East Austin barbecue family holds strong against neighborhood developers
When you first arrive at Sam's BBQ on East 12th Street in East Austin, you are greeted by the sweet aromas of Texas barbecue before you even step foot inside the family-owned shop.
Once inside, it's impossible not to take in the hundreds of photographs pasted to the walls. They include many photos of family and friends, plus familiar faces like former president Bill Clinton and music legend Stevie Ray Vaughn.
The owner of Sam's, Brian Mays, remembers what it was like when his father first bought the restaurant from his friend, Sam, in 1957.
"This side here was for Black folks, Spanish folks, low class income," Mays said. "We made money all night long, but as we got older, things started changing. So we got to prepare for the change too."
The East Austin neighborhood looks very different than it did back then. Now when you drive around, you'll see shiny, modern condos sprouting up, lined with glass walls, some being used as Airbnbs. You'll also see construction sites and new businesses.
"It was an old Black neighborhood then. There were 500 Black businesses over here," Mays said.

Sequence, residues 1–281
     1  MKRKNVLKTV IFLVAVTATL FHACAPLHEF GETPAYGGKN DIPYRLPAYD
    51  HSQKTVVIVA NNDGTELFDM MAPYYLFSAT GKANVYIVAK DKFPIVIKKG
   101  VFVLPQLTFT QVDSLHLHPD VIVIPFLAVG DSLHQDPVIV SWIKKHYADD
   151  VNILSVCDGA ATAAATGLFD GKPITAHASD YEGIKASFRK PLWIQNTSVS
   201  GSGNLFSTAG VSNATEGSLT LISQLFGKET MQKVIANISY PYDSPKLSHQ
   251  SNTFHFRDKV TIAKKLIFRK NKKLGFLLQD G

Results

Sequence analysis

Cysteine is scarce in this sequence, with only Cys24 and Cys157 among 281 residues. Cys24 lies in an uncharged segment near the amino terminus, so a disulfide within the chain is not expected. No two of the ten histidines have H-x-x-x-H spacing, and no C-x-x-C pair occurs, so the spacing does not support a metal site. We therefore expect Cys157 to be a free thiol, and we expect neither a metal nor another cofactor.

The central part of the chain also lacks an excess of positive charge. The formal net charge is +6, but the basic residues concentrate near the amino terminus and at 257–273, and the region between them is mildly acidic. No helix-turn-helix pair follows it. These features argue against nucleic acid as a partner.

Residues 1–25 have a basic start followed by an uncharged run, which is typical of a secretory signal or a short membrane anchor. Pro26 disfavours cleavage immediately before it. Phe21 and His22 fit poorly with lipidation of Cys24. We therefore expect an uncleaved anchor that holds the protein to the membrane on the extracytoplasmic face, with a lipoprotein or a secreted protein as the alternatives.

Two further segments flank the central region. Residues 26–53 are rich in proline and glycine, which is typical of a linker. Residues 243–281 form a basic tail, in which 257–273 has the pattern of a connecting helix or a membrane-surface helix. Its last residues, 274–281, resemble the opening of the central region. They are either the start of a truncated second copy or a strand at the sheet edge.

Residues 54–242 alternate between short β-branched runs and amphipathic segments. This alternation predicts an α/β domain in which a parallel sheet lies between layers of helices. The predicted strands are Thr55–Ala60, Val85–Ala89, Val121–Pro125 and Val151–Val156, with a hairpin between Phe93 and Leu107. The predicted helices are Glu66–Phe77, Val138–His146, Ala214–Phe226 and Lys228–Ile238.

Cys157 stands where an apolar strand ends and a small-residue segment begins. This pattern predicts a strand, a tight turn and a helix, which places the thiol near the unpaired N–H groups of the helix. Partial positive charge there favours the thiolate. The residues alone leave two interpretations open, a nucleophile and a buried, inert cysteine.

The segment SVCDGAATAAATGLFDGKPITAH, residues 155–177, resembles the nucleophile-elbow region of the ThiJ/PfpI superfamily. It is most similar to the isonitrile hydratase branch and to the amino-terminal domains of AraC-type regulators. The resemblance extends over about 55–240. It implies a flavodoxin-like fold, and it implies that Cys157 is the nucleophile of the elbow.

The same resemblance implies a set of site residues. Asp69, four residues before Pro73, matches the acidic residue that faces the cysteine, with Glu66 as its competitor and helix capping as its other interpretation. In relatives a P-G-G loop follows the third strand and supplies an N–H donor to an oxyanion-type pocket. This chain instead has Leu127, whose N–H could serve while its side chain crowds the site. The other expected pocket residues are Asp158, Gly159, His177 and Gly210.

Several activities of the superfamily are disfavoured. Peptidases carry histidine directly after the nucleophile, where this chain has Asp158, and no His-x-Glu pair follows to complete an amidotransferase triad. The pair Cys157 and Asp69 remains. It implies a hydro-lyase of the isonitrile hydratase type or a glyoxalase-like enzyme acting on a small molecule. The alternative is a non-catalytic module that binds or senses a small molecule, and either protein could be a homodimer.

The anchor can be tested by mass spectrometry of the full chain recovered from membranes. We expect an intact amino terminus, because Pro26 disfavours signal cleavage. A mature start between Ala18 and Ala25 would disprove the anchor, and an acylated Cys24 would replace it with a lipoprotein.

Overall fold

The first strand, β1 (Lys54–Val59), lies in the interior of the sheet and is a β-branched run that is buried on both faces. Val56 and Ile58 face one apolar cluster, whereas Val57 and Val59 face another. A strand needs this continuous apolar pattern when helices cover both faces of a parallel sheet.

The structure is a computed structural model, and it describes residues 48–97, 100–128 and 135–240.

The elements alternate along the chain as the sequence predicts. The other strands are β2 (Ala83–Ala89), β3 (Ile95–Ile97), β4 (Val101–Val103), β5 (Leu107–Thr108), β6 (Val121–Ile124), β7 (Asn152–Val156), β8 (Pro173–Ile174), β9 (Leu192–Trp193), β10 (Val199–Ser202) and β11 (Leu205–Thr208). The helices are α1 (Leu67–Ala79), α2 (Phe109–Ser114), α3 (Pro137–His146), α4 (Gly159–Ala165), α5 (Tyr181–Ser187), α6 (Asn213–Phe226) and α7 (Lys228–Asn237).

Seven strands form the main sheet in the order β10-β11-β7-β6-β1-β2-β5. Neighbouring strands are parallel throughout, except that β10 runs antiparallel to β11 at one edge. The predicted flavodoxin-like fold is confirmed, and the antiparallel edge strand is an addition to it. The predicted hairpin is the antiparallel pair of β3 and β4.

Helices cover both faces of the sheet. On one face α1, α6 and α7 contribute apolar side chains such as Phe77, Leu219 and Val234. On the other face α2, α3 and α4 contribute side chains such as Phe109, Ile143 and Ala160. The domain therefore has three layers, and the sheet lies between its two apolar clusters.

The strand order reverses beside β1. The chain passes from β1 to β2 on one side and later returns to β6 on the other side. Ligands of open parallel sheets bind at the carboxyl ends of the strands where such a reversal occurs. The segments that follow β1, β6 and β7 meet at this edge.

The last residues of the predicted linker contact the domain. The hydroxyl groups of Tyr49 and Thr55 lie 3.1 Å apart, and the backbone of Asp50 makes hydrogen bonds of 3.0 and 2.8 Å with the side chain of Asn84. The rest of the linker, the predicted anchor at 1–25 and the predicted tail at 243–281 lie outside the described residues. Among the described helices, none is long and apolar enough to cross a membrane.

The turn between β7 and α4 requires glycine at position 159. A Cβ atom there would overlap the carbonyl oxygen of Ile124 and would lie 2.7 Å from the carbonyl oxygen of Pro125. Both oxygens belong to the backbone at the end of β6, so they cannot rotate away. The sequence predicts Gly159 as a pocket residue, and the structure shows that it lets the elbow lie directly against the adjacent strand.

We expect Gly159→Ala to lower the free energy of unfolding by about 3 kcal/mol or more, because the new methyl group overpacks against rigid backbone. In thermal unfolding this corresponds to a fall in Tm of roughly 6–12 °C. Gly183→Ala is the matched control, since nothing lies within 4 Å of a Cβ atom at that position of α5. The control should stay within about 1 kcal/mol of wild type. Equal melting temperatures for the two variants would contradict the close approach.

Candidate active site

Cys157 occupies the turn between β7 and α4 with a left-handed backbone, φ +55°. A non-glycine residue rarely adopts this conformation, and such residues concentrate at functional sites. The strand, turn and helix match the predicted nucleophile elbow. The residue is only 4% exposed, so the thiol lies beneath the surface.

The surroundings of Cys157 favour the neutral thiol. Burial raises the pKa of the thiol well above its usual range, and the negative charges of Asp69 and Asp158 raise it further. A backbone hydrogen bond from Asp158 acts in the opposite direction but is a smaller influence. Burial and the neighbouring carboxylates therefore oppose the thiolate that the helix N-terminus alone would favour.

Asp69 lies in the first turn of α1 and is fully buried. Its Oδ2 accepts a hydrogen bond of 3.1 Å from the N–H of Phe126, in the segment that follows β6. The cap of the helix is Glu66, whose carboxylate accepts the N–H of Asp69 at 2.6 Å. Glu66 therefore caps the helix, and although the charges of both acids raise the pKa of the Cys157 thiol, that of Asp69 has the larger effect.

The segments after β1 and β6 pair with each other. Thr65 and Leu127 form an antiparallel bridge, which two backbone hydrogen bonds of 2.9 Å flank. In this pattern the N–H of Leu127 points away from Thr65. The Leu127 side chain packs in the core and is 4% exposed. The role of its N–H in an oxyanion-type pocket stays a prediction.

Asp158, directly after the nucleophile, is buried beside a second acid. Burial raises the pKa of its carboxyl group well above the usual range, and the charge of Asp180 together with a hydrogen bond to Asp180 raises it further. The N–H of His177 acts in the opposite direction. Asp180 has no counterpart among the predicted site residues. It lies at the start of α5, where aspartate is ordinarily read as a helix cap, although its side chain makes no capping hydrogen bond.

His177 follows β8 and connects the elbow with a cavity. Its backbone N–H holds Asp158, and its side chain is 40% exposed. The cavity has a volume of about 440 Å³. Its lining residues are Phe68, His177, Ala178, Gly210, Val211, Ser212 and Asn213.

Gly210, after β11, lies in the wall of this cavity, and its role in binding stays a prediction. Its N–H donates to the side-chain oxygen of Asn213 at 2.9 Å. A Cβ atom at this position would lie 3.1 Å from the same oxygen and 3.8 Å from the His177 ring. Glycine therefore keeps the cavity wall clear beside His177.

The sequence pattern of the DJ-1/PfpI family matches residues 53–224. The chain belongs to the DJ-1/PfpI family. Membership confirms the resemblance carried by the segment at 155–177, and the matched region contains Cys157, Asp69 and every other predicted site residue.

But with each hungry developer that comes his way, eyeing his property to make an offer to buy it, Mays turns them down every time – including the pretty penny offered to him in 2018.
"I think that year, they came with $5 million. And everyone's like, 'Why are you turning all these millions down?'" Mays said. "I said, 'If I don't turn it down, I won't have anything no more.'"
Now he's hoping to pass the baton to his children and grandchildren – like Lesha Griffin, who has always known Mays as her "papa."
"Personally, it was important for me to see representation. To know a Black-owned business can last for 60 years and do that. It's a big deal," Griffin said.
In recent years, Griffin helped Mays' daughter, Tameka Mays, open the Austin Daiquiri Factory connected to the BBQ restaurant. Their goal is to bring in a new crowd with their colorful, flavorful boozy beverages.
"Three years ago, we were in the middle of COVID. We were trying to find a way to stimulate traffic within the BBQ shop," Griffin said.
Read the full story and watch the video at KVUE.com.